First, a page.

The ban on 'foreign games' was ludicrous, of course, and the star of Sligo's full-forward line had not been its first or most high-profile victim. Almost eight years earlier, Ireland's newly inaugurated president, Douglas Hyde, had made the short journey to Dalymount Park to watch the national soccer team beat Switzerland 4-0. The GAA viewed his attendance as an act of treachery, and responded by removing the head of state from its list of patrons.

Few memories irked Fallon more than his experience of this absurd intransigence. He therefore took some convincing when I suggested the GAA was owed a substantial debt of gratitude. But the evidence is compelling. Before the suspension, and by his own admission, Fallon had been no closer to dedicating his energies to football.

Though his ability in and enthusiasm for such a variety of sports was laudable, he was spreading himself too thin. The Gaelic hierarchy forced him into a decision he would never have arrived at unaided.

By Sunday, May 16, 1948, a month on from the fateful Kerry encounter, the benefits of his suspension were already becoming apparent. Sligo GAA were once again in action, although Fallon was naturally conspicuous by his absence as they were beaten by Donegal. Fortunately, he was otherwise occupied. That same afternoon, he found himself back in front of another big crowd at The Showgrounds, only this time as part of a Sligo soccer select drawing 2-2 with Dublin outfit Transport. The Sligo Champion singled him out for praise, remarking that he had been "a splendid partner for D. Rogers (previously of Shamrock Rovers)" and "played a great game".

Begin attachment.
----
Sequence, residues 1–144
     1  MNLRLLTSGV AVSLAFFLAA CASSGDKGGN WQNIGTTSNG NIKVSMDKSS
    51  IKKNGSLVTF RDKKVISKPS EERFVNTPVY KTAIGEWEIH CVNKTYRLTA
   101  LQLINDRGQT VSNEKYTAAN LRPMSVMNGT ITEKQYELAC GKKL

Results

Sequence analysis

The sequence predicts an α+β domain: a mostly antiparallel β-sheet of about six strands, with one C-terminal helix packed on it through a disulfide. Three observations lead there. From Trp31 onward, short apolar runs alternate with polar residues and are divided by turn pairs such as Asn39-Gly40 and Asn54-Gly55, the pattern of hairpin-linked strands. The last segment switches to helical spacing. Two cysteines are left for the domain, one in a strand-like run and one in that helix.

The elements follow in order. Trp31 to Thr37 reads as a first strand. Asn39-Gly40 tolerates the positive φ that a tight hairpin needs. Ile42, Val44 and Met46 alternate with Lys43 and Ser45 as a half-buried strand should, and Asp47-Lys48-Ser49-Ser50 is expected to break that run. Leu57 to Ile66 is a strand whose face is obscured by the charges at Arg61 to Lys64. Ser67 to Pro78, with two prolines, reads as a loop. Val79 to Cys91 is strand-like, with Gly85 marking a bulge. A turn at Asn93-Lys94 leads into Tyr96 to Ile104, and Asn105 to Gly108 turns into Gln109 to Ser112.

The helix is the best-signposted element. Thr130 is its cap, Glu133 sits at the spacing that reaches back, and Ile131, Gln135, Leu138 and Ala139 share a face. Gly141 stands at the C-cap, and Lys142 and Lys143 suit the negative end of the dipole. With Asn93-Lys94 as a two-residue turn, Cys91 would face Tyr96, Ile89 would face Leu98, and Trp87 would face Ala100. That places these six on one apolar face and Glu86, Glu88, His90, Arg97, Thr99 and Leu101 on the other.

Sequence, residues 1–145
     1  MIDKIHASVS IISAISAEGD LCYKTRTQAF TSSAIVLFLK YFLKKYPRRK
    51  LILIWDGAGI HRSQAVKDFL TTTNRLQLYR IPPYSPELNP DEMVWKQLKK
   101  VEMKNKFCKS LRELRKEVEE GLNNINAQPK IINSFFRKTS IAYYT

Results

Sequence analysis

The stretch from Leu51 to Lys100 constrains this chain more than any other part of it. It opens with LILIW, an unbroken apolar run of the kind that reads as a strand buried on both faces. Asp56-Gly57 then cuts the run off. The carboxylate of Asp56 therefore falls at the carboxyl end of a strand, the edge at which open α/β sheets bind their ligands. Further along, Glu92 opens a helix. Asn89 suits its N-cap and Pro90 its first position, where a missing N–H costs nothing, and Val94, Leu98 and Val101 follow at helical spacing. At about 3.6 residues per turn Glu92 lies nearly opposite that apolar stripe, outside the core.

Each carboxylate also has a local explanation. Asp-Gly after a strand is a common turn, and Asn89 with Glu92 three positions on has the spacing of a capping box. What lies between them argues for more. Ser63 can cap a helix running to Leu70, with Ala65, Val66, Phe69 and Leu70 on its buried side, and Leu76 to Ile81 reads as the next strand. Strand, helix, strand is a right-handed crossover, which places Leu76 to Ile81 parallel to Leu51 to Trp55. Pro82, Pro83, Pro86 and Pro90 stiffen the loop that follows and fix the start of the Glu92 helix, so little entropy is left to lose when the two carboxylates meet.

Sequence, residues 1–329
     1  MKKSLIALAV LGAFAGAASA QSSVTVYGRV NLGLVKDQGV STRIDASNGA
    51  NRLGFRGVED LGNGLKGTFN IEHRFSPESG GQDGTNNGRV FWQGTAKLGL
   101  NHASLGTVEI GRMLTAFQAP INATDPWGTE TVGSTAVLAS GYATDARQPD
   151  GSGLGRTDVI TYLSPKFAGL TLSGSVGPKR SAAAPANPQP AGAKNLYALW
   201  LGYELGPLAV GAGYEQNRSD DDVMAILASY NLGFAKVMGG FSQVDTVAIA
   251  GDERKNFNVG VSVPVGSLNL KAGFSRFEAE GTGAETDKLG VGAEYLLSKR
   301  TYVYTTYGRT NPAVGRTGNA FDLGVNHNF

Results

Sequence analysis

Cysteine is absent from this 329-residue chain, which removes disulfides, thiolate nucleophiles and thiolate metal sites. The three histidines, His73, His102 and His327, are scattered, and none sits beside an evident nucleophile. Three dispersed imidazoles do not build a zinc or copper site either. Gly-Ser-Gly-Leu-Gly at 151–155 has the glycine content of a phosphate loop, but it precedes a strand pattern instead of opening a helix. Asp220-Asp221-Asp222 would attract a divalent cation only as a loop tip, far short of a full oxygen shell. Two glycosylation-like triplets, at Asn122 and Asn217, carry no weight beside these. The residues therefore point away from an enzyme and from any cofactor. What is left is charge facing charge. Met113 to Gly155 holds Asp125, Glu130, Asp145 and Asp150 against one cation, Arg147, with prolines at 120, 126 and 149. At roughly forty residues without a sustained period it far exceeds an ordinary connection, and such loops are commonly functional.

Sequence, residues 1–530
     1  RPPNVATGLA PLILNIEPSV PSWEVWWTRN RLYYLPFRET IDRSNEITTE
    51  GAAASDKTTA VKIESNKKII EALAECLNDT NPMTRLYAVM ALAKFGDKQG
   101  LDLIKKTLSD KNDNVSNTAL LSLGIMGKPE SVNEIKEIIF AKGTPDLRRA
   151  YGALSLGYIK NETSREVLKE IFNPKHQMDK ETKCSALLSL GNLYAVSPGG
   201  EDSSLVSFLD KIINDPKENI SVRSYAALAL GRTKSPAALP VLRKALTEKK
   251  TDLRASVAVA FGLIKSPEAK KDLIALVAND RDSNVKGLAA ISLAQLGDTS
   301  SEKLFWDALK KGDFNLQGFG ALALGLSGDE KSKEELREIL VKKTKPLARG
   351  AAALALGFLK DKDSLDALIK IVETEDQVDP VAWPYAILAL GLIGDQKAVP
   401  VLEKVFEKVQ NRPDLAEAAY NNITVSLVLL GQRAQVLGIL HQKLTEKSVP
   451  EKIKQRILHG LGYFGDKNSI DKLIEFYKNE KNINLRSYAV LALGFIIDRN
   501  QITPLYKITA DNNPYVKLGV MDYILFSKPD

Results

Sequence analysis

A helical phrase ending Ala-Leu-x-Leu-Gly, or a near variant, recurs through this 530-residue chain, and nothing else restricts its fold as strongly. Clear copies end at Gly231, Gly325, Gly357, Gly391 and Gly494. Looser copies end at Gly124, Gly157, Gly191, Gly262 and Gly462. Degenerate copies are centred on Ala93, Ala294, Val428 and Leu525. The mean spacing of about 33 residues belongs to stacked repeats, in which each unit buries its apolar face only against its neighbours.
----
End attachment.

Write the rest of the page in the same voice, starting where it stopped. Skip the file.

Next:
This was encouraging. The mere fact that he was now featuring in the sports pages for his soccer exploits represented a significant development. Yet had this fixture clash arisen before his suspension, one wonders in what sport he would have represented his county. Would he have voluntarily walked away from Gaelic after his heroics against Kerry and the adulation that followed? Even Fallon had to admit it was as well that his hand had been forced.

He said: "The suspension will always annoy me, just because it was so stupid. But I can see it probably was a good thing because it played a big part in the way everything worked out over the next couple of years. It was after finishing with the Gaelic that I really started to focus on the soccer, and it was then that things started to take off for me. I was a late starter in senior football, so it can only have helped that I was able to focus completely on making the most of the time I had."